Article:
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Now It's Your Turn

Let me keep my promise to make it easy for you to understand a very little bit about the game and the characters so you can bring a smile to your mind as you discover the extraordinary in the ordinary.

O.K. If you look at the way a chessboard looks, you'll be quick to realize that it's the same as a checkerboard. Unlike checkers, however, here you play on all the squares, not on only the dark ones.

As in checkers, there are two sides: the good guys and the bad guys. Needless to say, you're always the good guys -- no matter which side you take -- and the other side is the bad guys.

The goal of the game is also simple; whoever takes the other guys' King first wins. Here you don't jump over the other guy to take him, you simply take his space and remove him from the board. Have you got that? Good.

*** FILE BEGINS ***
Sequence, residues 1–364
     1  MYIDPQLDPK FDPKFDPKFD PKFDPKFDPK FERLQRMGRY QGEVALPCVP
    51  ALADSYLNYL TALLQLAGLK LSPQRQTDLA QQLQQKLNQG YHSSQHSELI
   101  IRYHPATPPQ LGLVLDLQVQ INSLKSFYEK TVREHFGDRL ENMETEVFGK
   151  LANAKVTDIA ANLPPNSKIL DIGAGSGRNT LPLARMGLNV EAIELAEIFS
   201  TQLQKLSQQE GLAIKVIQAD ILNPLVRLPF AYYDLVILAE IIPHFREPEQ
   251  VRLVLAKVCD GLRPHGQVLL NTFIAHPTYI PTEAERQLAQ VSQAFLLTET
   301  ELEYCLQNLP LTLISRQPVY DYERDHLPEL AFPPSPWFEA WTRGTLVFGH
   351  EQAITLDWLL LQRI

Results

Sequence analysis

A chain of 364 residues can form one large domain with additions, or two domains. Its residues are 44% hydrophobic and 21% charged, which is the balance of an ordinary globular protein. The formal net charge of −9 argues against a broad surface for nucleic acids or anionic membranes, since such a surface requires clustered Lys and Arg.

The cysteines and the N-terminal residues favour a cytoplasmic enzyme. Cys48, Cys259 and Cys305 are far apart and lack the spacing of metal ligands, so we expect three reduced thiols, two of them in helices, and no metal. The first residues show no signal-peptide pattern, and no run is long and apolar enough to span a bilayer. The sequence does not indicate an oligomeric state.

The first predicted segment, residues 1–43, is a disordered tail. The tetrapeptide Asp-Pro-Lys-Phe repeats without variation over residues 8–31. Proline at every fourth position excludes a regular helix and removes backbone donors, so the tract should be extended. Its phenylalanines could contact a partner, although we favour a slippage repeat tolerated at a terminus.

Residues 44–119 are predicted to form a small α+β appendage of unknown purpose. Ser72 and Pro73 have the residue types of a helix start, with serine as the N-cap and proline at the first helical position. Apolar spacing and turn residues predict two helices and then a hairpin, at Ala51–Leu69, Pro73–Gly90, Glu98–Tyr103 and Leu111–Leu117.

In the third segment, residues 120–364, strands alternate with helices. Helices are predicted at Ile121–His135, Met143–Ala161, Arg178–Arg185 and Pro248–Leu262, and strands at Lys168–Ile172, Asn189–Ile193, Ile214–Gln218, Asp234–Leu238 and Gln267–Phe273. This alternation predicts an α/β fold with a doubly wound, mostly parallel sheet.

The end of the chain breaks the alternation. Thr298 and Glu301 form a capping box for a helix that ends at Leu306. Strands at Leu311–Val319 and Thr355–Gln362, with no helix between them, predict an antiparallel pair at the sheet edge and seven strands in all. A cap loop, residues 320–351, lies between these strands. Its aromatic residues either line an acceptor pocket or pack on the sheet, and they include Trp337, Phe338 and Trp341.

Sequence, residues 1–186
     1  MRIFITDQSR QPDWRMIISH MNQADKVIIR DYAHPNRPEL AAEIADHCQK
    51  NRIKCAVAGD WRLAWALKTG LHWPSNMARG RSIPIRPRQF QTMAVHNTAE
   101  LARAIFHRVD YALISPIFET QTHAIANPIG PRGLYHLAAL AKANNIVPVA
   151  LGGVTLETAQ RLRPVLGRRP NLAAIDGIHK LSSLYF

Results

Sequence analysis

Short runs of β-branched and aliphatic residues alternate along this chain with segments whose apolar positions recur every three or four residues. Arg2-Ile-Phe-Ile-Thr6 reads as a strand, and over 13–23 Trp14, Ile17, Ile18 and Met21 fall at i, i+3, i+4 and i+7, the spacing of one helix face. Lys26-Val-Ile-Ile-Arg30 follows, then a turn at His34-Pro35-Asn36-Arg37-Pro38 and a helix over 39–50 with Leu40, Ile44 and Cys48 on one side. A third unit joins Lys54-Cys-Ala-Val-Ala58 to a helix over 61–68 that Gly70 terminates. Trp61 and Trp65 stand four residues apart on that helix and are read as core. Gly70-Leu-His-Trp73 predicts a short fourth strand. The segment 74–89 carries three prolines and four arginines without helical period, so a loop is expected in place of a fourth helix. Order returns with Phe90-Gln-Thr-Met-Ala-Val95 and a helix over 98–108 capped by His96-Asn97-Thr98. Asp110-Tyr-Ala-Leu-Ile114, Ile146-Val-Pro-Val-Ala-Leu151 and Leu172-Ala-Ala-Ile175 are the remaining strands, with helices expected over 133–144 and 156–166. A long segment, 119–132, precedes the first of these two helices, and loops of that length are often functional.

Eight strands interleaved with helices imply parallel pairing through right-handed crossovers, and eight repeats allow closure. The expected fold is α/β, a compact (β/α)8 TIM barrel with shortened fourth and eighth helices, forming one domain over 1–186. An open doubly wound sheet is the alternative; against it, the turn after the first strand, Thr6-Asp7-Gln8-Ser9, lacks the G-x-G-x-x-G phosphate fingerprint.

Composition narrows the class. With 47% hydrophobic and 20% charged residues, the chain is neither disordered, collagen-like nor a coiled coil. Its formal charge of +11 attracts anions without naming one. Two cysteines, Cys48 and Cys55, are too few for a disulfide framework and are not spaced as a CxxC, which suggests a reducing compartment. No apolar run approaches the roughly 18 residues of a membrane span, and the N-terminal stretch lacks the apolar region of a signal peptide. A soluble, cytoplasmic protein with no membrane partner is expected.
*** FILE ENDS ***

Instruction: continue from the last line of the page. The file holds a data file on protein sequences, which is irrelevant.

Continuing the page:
So here's the little army you have to work with. As I mentioned before, there are only six characters you need to know: there are the King and the Queen, there's the Rook who sits in the corner, and in between are the Bishop and the Knight. In front of these are the Pawns. Altogether, for each side, there is one King and Queen; two Bishops, Knights, and Rooks; and eight Pawns.

For now, let me describe each character in more detail, so you have a good sense of his or her personality, of the relationship among the pieces, and of how each moves on the board. Soon, you should begin to have an image of what you want your chess set to look like. To help you, I'll show you a picture for each character which will give you an idea of the range of designs that are possible.

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